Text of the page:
My Favorite Functions and Patterns: Function Clauses in Elixir

Elixir is far too generous. I realize how cossetted I am when I go to use function clauses in JavaScript. Because you can’t do that.

I personally detest if statements, along with case — perhaps to a fault. Function clauses redeem me.

Why?

Because there is lawtable by which I abide:

Let the complexity of our calculations accord with the data upon which they operate.

And what might I mean?

I mean that, ideally, our code should not introduce additional complexity. If, for example, our data stores a value that will never be nil, our code need not account for a case in which the value is nil.

Hence, I love function clauses: more effectively than other control structures, they delegate handling by virtue of data values.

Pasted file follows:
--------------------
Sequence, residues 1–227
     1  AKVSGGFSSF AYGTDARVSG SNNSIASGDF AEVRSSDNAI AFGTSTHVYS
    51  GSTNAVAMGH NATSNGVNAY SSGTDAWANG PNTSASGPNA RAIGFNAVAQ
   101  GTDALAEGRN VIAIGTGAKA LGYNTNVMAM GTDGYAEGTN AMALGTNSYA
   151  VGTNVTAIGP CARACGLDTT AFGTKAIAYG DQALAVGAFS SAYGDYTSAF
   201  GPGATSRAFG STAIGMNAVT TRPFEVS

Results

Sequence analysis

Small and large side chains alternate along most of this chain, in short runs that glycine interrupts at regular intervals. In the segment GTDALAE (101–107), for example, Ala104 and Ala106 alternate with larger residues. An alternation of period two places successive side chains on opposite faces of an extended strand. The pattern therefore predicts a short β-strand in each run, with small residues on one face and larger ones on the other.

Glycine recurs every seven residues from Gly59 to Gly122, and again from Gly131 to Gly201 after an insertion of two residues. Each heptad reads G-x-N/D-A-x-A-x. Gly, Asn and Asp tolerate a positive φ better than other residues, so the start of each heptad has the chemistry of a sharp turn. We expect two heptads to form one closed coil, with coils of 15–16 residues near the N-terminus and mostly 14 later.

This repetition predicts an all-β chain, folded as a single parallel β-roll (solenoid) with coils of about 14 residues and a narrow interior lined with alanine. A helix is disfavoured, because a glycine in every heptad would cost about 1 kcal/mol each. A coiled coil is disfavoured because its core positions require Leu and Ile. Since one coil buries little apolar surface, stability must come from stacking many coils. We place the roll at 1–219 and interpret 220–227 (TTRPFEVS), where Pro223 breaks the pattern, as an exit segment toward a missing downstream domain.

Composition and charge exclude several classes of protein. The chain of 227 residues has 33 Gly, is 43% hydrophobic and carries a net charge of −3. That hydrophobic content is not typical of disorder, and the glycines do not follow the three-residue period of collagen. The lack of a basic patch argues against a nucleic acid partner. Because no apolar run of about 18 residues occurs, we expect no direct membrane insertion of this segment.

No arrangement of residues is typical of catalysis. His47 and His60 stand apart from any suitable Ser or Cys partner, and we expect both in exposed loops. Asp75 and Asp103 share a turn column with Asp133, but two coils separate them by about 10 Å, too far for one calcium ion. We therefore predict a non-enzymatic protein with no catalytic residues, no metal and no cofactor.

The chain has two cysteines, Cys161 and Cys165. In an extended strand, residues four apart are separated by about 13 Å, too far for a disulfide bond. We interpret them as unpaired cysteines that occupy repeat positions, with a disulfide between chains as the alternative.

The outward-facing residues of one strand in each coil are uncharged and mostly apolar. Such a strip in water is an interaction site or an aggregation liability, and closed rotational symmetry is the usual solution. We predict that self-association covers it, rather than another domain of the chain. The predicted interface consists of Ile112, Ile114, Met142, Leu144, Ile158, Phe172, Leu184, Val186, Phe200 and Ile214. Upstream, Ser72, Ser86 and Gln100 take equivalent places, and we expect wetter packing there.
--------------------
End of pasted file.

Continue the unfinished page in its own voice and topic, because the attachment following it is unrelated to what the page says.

Example Using Elixir Function Clause

Let’s assume our web-app has a table of results to which a diversity of filters can be applied. We want to enable users to delimit results by age, email address, and username:

# In this case, we _will_ account for `nil`, as it represents a common scenario
# when assembling search queries.
defp filter({_key, nil}, %Ecto.Query{} = query), do: query
defp filter({:age, age}, %Ecto.Query{} = query), do: query |> ...
defp filter({:email, email}, %Ecto.Query{} = query), do: query |> ...
defp filter({:username, username}, %Ecto.Query{} = query), do: query |> ...

@spec apply_filters(keyword({atom(), String.t()}), Ecto.Query.t()) :: Ecto.Query.t()
def apply_filters(filters, %Ecto.Query{} = query) do
  Enum.reduce(filters, query, &filter/2)
end

Which can be used like:

iex> apply_filters([age: 18, email: "myname@example.com"], query)

Further Reading

Read the Full Series

A Compilation of Jonathan’s Favorite Functions and Patterns in Functional Programming.

See all the functions.

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